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Ex-Service Men Oppose Bolshevism”: the use of veterans’ groups in anti-socialist politics, 1917-1921

University of Stirling

Paul Blanchard is a third-year PhD student at the University of Stirling, working on a thesis exploring Britain’s radical right in the interwar period. This research focuses on the Economic League, which organised a national anti-socialist campaign centred around propaganda, private intelligence work and blacklisting, and the numerous groups which co-operated with the League in this campaign.

This paper explores the manner in which ex-servicemen’s groups, particularly the Comrades of the Great War, played a role in the development of a private anti-socialist campaign between 1917 and 1921. The Comrades emerged from the government’s growing concerns over the influence of left-wing politics on ex-servicemen. The popularity of confrontational pressure groups like the National Federation of Discharged and Demobilised Soldiers and Sailors (NFDDSS) pushed the government to find a way of accommodating ex-servicemen’s needs while steering them away from radical groups. The result was the Comrades, founded by Lord Derby, the Secretary of State for War. The creation of the Comrades was backed by the War Cabinet and veteran MPs, with Conservative MP Wilfred Ashley as its chairman, and businessman and future MP Patrick Hannon as secretary.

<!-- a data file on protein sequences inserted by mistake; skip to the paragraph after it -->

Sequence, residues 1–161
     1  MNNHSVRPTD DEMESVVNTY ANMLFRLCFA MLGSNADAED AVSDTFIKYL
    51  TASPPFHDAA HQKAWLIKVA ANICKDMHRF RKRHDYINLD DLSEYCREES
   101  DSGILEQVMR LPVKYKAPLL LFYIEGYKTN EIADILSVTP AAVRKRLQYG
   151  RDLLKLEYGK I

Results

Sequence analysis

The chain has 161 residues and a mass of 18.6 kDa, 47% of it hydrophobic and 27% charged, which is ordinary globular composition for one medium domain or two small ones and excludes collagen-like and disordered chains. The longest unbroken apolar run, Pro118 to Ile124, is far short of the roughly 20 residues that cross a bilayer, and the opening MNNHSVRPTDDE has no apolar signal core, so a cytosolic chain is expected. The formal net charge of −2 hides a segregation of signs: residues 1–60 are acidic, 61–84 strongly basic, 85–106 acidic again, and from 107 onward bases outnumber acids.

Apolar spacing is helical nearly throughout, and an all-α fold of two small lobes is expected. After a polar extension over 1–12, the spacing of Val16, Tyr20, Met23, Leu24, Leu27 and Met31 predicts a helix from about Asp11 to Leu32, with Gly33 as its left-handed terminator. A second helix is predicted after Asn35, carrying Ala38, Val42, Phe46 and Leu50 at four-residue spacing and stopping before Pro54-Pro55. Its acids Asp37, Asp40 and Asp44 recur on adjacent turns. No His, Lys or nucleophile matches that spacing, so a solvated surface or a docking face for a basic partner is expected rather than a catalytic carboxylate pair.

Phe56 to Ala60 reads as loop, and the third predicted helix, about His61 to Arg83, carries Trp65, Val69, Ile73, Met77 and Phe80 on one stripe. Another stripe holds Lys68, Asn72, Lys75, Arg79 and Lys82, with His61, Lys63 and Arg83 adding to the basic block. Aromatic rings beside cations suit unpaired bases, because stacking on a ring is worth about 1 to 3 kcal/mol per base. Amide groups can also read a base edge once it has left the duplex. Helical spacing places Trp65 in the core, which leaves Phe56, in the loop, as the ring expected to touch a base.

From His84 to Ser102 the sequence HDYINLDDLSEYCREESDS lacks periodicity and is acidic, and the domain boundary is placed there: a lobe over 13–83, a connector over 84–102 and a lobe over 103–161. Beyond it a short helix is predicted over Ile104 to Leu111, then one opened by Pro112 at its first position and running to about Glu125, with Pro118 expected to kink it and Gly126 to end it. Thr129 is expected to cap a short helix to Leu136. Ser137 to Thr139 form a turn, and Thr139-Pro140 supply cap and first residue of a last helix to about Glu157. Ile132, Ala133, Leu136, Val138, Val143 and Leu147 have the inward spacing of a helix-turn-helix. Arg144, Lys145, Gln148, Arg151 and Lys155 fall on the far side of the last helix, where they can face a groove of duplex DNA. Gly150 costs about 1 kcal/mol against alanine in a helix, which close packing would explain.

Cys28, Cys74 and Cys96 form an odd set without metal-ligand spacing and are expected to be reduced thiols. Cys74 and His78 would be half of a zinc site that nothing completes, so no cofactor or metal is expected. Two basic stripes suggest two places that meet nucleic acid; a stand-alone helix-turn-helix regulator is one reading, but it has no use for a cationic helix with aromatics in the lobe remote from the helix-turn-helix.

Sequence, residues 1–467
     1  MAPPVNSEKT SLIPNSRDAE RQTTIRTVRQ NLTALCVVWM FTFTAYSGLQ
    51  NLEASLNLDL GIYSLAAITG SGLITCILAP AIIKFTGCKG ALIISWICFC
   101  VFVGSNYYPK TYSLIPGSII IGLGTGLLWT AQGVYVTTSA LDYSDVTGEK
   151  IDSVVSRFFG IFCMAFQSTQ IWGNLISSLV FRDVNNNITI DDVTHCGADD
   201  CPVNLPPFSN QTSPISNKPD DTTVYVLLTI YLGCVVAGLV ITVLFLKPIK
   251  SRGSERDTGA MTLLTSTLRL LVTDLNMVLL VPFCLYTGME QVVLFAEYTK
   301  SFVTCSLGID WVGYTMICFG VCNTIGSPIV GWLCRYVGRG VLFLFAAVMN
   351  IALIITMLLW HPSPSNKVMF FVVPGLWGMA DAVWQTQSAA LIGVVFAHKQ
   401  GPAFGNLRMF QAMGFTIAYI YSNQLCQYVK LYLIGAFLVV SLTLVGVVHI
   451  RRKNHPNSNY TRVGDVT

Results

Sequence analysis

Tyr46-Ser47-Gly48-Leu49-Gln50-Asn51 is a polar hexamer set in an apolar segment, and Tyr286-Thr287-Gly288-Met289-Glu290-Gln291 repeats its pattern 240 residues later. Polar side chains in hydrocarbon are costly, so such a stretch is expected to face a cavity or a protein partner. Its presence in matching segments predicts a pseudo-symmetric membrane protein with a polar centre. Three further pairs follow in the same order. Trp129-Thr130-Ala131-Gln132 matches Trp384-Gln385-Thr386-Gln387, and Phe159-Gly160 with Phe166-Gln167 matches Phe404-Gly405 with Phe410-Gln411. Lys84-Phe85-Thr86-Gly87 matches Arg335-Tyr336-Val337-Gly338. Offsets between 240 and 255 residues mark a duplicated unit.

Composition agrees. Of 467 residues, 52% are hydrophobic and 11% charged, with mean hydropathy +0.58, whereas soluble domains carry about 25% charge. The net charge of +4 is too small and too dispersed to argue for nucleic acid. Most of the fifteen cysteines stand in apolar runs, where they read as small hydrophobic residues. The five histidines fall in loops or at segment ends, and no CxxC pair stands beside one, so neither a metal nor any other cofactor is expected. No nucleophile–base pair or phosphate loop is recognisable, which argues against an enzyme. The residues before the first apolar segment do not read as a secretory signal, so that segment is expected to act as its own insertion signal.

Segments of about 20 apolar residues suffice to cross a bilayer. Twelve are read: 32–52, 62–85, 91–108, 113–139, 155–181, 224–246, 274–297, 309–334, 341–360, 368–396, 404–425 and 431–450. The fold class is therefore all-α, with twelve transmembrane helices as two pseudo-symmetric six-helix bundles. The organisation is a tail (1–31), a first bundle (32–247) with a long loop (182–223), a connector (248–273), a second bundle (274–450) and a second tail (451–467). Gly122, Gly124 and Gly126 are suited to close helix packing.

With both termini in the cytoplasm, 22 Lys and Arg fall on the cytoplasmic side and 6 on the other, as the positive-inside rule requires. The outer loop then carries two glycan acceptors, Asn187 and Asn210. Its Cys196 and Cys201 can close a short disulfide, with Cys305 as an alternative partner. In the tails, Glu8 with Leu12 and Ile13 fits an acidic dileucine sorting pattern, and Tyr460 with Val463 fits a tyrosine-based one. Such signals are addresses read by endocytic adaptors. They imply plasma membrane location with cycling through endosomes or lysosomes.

The Comrades’ development was aided by the relationships between its leaders and other groups active in this period. Ashley was the Chairman the Anti-Socialist Union (ASU), while Hannon was the director of the British Commonwealth Union (BCU). The BCU provided propaganda and covert funding for patriotic anti-socialist groups, and helped to establish National Propaganda in 1919. This became the Economic League, an umbrella organisation devoted to anti-socialist politics, which directed the activities of both the ASU and the Comrades. This paper argues that the Comrades were an important part of this propaganda machine, as they associated the rejection of left-wing politics with patriotism and wartime sacrifice, while their nationwide organisation was used to disseminate propaganda and tackle socialist unrest."